This Thursday morning, the entire high school assembled in the gym for the end-of-year award ceremony. I admit to always having been that kid, all perky at the chance of being validated and trying not to show it. But this time, I had a small pit in my stomach at the thought of sitting there for hours clapping for people winning awards and scholarships, and I wasn’t exactly sure why. I think it had something to do with how fed-up I was with the competitive school culture and any sort of yardstick that valued one kind of accomplishment over another.

I ended up winning a couple things myself, and while my teachers’ comments were sweet and touching, I just felt bad about the number of bored and unfulfilled students there must have been in that gym. Just going through the top of my head, I could name a dozen seniors that didn’t go home with a plaque or a scholarship that day who had worked just as hard as I did in their respective interests and made just as much of a difference as I did. I could name a number of seniors who may not have stayed as busy as I did, but are probably better people than I am. Or, if we were all thrown on a desert island, someone would find shelter and someone would fend animals off and someone would cook, and I would be nearly useless. Don’t they deserve awards? Who determined what kind of behavior was supposed to earn public accolades? And why was there this horrible hierarchy of scholarships for different amounts? Who was the school to put one student above another, after the brutal college admissions process the senior class had just barely survived?

I had worn heeled sandals in an attempt to look more beautiful and feel more confident. To look my part, I guess. After receiving my cap, gown, and yearbook on top of the boxes and velvet cases for the awards, my arms were beyond full when I exited the school. I was trying to catch a bus, so even though my feet hurt, I walked at my usual brisk pace down the hill. My awards only felt heavy in my arms, which were straining and beginning to ache. They did not make me feel validated. Adding to the chaos, I had a bad headache, and was starting to breathe heavily. I lost balance on my sandals, twisted my ankle and winced as the side of my foot hit the pavement.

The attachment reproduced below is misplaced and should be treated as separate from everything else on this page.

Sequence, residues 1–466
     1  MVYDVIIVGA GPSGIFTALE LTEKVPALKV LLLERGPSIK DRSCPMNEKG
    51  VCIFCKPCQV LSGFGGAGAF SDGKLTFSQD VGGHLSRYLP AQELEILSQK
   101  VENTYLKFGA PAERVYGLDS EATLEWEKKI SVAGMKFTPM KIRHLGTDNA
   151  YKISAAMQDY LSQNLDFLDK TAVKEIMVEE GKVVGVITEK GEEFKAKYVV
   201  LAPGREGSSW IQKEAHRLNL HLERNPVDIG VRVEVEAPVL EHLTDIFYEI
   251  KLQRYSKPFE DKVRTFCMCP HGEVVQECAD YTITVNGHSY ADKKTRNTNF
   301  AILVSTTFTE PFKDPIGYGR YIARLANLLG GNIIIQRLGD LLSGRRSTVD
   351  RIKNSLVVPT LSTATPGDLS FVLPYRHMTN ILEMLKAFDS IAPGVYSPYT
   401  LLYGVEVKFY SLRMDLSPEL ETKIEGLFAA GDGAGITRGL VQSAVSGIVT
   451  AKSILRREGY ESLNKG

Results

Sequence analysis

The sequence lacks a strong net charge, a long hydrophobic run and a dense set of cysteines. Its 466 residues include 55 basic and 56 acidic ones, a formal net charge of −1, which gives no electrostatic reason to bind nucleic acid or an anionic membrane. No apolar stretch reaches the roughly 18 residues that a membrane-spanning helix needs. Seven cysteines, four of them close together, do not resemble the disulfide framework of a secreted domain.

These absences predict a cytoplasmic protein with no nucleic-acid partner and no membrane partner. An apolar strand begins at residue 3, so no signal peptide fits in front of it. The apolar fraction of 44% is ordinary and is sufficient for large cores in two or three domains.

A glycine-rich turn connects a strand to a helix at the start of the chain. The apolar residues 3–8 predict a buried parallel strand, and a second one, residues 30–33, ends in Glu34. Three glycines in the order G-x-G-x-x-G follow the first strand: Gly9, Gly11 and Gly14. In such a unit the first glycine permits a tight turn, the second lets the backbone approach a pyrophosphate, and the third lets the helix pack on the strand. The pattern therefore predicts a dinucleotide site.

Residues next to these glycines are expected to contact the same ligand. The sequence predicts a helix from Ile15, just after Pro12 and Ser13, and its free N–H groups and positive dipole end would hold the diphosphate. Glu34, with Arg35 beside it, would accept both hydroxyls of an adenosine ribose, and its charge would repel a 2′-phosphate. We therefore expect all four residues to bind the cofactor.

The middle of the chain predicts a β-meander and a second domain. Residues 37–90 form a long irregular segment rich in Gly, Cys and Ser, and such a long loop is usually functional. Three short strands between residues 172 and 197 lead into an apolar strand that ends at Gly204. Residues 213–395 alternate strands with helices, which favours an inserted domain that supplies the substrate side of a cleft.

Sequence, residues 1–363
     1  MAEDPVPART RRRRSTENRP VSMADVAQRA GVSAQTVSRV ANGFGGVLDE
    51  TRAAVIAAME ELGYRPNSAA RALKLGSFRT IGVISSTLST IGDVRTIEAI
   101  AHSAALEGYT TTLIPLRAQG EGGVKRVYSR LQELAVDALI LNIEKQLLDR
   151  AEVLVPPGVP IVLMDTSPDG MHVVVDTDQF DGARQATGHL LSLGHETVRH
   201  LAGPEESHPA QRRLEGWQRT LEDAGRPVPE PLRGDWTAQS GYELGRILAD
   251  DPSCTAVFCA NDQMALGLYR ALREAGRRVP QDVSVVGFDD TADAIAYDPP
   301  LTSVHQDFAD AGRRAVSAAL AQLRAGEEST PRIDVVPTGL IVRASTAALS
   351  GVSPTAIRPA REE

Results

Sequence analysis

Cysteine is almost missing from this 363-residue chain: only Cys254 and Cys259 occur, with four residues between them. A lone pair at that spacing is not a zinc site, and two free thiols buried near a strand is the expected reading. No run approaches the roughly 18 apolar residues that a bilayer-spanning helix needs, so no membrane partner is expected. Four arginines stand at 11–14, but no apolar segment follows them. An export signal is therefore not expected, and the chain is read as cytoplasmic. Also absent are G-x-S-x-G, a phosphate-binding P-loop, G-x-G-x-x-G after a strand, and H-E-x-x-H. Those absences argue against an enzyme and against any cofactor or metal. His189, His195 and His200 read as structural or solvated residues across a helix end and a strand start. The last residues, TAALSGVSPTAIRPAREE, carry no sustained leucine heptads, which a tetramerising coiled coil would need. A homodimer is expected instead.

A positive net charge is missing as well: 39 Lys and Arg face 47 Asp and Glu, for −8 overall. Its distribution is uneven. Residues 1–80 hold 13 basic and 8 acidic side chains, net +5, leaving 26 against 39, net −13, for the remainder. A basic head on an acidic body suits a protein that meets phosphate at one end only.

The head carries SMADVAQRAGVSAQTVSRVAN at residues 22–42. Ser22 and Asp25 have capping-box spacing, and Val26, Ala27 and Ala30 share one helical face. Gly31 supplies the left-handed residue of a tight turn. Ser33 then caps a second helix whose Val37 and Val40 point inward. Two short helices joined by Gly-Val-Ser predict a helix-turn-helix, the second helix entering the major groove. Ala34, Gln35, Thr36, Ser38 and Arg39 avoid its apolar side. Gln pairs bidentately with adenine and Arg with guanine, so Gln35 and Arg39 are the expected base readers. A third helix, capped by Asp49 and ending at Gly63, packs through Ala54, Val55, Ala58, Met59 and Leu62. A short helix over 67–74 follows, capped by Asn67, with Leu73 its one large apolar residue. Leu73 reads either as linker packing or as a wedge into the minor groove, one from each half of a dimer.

I imagine a world where all the scholarships are split equally between every member of the senior class, and we all receive an award for that one thing we are uniquely good at. We would all receive a couple hundred dollars each, enough for nice gifts for ourselves and our parents or a fancy dinner out. It would be a celebration of individuality, not a fight to see who was biggest, who was loudest. We would spend a morning giving a nod to real, valuable talents, like “best diffuser of conflict” or “best League of Legends player”, instead of hushed whispers and poisonous social media posts about who wanted what and who deserved what. That sounds much better than winning something I feel like I don’t deserve.

Don’t get me wrong, I feel blessed and grateful to have been recognized in the way that I was. But in that moment, as I twisted my ankle and almost let my last yearbook slip from my hands and tumble down the hill, the award didn’t feel much like winning. It felt like toxic competition and the impostor syndrome that had plagued me for years. Why me? Why me above others? What did I do? What kind of person am I expected to become? And even as I rail against this system, can I really face the hypocrisy involved in admitting how my heart skipped a beat when they called my name, how I smiled as I stepped up to the stage?

I liked myself less and less, and the scholarship was not helping. It had become completely devoid of meaning, and all it had done was make me question and attack myself more than usual, at the very end of my high school career. Many of my friends had come up to me that day with congratulations and ‘I knew it’s and ‘you deserve it’s, and all that echoed in my brain was ‘why?’, the thought circling like a vulture, waiting to pick off the remains of my self-esteem.

I was probably additionally frustrated that day from learning of certain social situations that made me disappointed in the things that some of my fellow classmates valued. I realized very few people went home satisfied that day. Not the perceived winners, not the perceived non-winners. No; our education system had been made into a game, and that day, it was a game nobody won. It was a game that made nobody feel like they were enough. It is my sincere hope for the class of 2019 that in the coming years, we learn the ropes of deriving fulfillment from the right things.